US Military Strength Downgraded to Weak: Heritage Foundation Report

US Military Strength Downgraded to Weak: Heritage Foundation Report
Gen. Mark A. Milley, chairman of the Joint Chiefs of Staff, arrives for the 2022 West Point Commencement Ceremony at West Point Military Academy in West Point, N.Y., on May 21, 2022. (Michael M. Santiago/Getty Images)
Beth Brelje
The U.S. military is at growing risk of not being able to meet the demands of defending America’s vital national interests, according to an annual report released by The Heritage Foundation, a Washington-based conservative think tank.

“This is the logical consequence of years of sustained use, underfunding, poorly defined priorities, wildly shifting security policies, exceedingly poor discipline in program execution, and a profound lack of seriousness across the national security establishment even as threats to U.S. interests have surged,” the report says.

Since 2015, The Heritage Foundation has published the Index of U.S. Military Strength, based on a consistent set of criteria, to gauge the military’s ability to perform. The most recent report is for 2023.

“It is about the number of ships and planes we have. It’s also about personnel, and we’re having a very hard time ... in recruitment, because of the woke agenda, that one particular political movement in this country prioritizes over American military readiness,” Kevin Robert, president of the foundation, said in a presentation about the report.

“There is no way, as our scholars report, that the United States can engage in a two-front war. And in fact, we’re increasingly dubious that we could even engage in a single front war because of this lack of readiness,“ he said. ”Considering the existential threat in the world, which is the Chinese Communist Party, obviously, rejuvenated after Xi Jinping’s reelection on Sunday, the United States needs to get busy in fixing this problem.”

US Military Power

The report assessed military power in three areas: capability, capacity, and readiness.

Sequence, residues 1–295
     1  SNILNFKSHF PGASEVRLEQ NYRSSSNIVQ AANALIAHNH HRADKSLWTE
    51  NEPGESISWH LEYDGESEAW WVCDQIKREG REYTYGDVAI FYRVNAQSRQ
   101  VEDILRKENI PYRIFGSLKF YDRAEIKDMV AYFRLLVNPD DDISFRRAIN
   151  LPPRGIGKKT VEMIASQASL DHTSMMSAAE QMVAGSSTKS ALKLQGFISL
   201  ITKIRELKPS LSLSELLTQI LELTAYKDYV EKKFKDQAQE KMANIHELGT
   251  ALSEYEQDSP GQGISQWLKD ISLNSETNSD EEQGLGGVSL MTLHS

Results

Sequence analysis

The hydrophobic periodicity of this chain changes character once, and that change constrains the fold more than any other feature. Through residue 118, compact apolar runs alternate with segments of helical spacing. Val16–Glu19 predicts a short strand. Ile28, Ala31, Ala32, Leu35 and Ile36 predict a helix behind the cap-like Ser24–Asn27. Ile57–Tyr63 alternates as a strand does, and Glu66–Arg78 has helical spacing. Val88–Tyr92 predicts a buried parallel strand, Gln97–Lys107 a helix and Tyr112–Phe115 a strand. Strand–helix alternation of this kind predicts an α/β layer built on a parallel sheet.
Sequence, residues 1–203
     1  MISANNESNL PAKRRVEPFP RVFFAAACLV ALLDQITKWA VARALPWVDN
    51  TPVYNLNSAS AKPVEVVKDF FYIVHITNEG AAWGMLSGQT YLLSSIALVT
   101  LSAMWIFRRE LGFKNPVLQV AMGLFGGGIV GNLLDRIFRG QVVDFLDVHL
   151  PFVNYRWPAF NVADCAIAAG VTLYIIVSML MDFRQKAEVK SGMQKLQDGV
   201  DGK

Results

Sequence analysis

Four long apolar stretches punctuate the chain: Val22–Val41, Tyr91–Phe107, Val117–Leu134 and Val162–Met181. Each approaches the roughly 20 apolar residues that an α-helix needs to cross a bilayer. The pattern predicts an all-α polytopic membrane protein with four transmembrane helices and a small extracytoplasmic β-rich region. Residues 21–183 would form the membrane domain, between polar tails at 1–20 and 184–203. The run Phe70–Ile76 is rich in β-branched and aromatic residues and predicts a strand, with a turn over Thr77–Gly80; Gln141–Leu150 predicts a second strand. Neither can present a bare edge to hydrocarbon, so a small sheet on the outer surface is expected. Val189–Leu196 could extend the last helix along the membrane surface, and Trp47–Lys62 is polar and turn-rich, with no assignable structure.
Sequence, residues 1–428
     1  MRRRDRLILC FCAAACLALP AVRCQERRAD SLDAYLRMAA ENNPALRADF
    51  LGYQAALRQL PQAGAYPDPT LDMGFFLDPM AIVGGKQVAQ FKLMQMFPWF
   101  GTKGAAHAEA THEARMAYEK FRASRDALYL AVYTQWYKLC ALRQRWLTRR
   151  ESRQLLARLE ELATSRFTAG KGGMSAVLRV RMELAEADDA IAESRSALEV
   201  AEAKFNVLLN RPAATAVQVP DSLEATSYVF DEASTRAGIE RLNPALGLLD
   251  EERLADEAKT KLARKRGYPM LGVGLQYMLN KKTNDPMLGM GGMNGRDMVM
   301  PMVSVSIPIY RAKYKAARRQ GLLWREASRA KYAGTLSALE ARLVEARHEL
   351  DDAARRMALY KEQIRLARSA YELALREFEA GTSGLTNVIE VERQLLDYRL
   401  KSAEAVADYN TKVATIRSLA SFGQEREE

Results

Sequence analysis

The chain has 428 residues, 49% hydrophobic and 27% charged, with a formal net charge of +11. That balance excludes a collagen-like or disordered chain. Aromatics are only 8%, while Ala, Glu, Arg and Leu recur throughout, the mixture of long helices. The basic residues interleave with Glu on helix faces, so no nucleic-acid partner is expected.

Looking at each branch individually, it considered force size, modernization programs, unit readiness, and the combat power (land, sea, air, and space) each service represents. The report measured branches on this scale: very weak, weak, marginal, strong, and very strong.

The report ranks the Army’s capability as marginal, capacity as weak, and readiness as very strong. The overall score for the Army is marginal, the same as last year.

“The Army is aging faster than it is modernizing. It remains weak in capacity with only 62 percent of the force it should have,” the report says. “However, 25 of its 31 Regular Army [Brigade Combat Teams] are at the highest state of readiness, thus earning a readiness score of ’very strong' and conveying the sense that the service knows what it needs to do to prepare for the next major conflict.”

The Navy’s capability is ranked as very weak, capacity as marginal, and readiness as weak. Its overall score is weak, downgraded from last year’s ranking as marginal.

The Navy needs a battle force of 400 manned ships to do what is expected of it today, the report says, but the Navy’s current battle force fleet is 298 ships. On the current trajectory, the Navy will shrink to 280 ships by 2037.

“Current and forecasted levels of funding will prevent the Navy from altering its decline unless Congress undertakes extraordinary efforts to increase assured funding for several years,” the report says.

The Air Force capability and capacity are both ranked as marginal, and readiness is ranked as very weak. Its overall score is very weak, downgraded from weak in the 2022 report and marginal in 2021.

This low score implies the Air Force would have a difficult time responding rapidly to a crisis. There have been problems with pilot retention. Some pilots were grounded due to refusal to get the COVID-19 shot. Pilots are getting less training time and are seeing an “extraordinarily small amount of time in the cockpit,” the report says.

The fleet of aircraft is also aging.

Limited Flying Time for Pilots